## Data availability

The data that support the findings of this study are available from the corresponding author upon reasonable request.

## Code availability

The code of MAOSIC is now continually updated to GitHub. Custom code to run experiments was closely integrated with the experimental setup and hard be executed without associated hardware. Interested readers can contact corresponding author [zhuxi@cuhk.edu.cn] for website address and extract the code.

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## Acknowledgements

This work is supported by the Shenzhen Fundamental Research Foundation (JCYJ20170818103918295, JCYJ20180508162801893, JCYJ20190808121211510), and the National Natural Science Foundation of China (grant no. 21805234). Also supported by funding (2019-INT018, 2020-IND002) from Shenzhen Institute of Artificial Intelligence and Robotics for Societ (AIRS).

## Author information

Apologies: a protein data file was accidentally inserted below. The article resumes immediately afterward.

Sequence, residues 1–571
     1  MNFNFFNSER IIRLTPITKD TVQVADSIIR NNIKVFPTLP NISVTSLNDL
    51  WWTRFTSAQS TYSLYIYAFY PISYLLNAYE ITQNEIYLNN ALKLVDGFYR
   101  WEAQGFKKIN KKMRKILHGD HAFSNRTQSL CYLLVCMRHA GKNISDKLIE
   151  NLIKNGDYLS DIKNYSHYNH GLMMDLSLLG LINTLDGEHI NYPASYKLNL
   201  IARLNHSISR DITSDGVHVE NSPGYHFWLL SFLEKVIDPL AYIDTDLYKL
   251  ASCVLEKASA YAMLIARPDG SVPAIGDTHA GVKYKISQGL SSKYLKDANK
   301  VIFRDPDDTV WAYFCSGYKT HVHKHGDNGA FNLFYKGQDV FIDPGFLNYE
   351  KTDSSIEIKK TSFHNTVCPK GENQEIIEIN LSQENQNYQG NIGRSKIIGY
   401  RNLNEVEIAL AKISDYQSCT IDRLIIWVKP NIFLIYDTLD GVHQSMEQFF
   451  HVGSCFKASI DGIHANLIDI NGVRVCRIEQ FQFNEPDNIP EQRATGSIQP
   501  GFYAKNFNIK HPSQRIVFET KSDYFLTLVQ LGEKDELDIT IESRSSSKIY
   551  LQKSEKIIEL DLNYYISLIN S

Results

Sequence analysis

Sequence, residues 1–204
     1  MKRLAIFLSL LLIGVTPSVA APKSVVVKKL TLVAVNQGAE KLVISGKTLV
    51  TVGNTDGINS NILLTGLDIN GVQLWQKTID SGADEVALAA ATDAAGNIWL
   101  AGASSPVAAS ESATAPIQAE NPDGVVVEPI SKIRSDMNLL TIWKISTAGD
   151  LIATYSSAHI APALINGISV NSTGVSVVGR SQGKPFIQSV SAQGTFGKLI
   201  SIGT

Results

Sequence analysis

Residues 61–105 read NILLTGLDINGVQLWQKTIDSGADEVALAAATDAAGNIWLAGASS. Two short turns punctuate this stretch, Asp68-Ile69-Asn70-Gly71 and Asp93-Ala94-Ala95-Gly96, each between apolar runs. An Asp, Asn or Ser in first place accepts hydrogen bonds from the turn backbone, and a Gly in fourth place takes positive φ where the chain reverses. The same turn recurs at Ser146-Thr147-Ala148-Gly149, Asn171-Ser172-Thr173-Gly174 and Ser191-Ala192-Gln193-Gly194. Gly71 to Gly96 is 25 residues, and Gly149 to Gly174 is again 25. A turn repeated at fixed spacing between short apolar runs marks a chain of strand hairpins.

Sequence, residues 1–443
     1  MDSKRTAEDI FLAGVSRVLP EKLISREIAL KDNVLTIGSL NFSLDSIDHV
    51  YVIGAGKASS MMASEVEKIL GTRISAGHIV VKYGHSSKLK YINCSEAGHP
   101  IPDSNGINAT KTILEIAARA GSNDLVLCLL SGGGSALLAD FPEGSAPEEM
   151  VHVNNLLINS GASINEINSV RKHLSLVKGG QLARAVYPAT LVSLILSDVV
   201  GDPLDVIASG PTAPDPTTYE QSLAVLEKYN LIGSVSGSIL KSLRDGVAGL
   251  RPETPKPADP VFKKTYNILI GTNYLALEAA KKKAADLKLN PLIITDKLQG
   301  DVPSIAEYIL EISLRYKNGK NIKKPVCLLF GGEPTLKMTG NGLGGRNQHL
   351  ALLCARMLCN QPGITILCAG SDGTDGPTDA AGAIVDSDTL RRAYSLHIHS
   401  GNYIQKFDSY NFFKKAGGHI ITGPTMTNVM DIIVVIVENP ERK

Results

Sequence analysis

Authors

### Contributions

T.H., J.C., and X.Z. conceived idea and concepts, and initiated the research. J.-G.L. and Y.T. constructed the cloud lab platform and MAOSIC. J.-Z.L. and Y.L. remotely tested the lab for IPNCs synthesis. J-Z.L. and T.H. conducted TEM measurements and optical characterization data analysis. R.L. and X.Z. conceived the theoretical concepts and conducted the quantum mechanics calculation and DFT simulation. J.-G.L. and X.Z. prepared the Figures. J.C., J.-G.L., T.H., and X.Z. wrote the paper with input from all authors.

### Corresponding authors

Correspondence to Jiaji Cheng, Tingchao He or Xi Zhu.

## Ethics declarations

### Competing interests

The authors declare no competing interests.

Peer review information Nature Communications thanks Mathias Uller Rothmann and other, anonymous, reviewers for their contributions to the peer review of this work. Peer review reports are available.

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Li, J., Li, J., Liu, R. et al. Autonomous discovery of optically active chiral inorganic perovskite nanocrystals through an intelligent cloud lab. Nat Commun 11, 2046 (2020). https://doi.org/10.1038/s41467-020-15728-5

• Accepted:

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• ### Synthesis and optical properties of doped CsPbCl3 nanocrystals

• Wencai He
• Qiqi Zhang
• Qilin Dai

Journal of Nanoparticle Research (2021)